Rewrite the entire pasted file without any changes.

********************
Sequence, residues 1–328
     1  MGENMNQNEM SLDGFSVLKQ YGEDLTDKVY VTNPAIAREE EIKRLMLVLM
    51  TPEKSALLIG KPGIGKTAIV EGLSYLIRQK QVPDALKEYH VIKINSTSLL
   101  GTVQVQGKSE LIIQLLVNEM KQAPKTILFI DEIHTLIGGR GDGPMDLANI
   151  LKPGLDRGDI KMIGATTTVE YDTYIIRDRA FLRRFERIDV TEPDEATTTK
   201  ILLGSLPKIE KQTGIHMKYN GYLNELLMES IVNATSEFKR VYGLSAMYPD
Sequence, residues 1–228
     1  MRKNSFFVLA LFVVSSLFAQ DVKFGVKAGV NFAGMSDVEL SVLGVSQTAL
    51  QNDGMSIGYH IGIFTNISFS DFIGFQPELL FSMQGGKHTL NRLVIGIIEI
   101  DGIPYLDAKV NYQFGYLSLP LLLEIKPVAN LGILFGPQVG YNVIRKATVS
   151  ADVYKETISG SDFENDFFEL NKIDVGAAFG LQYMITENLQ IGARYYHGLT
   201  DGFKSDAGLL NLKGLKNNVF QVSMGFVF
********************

Sequence, residues 1–328
     1  MGENMNQNEM SLDGFSVLKQ YGEDLTDKVY VTNPAIAREE EIKRLMLVLM
    51  TPEKSALLIG KPGIGKTAIV EGLSYLIRQK QVPDALKEYH VIKINSTSLL
   101  GTVQVQGKSE LIIQLLVNEM KQAPKTILFI DEIHTLIGGR GDGPMDLANI
   151  LKPGLDRGDI KMIGATTTVE YDTYIIRDRA FLRRFERIDV TEPDEATTTK
   201  ILLGSLPKIE KQTGIHMKYN GYLNELLMES IVNATSEFKR VYGLSAMYPD
Sequence, residues 1–228
     1  MRKNSFFVLA LFVVSSLFAQ DVKFGVKAGV NFAGMSDVEL SVLGVSQTAL
    51  QNDGMSIGYH IGIFTNISFS DFIGFQPELL FSMQGGKHTL NRLVIGIIEI
   101  DGIPYLDAKV NYQFGYLSLP LLLEIKPVAN LGILFGPQVG YNVIRKATVS
   151  ADVYKETISG SDFENDFFEL NKIDVGAAFG LQYMITENLQ IGARYYHGLT
   201  DGFKSDAGLL NLKGLKNNVF QVSMGFVF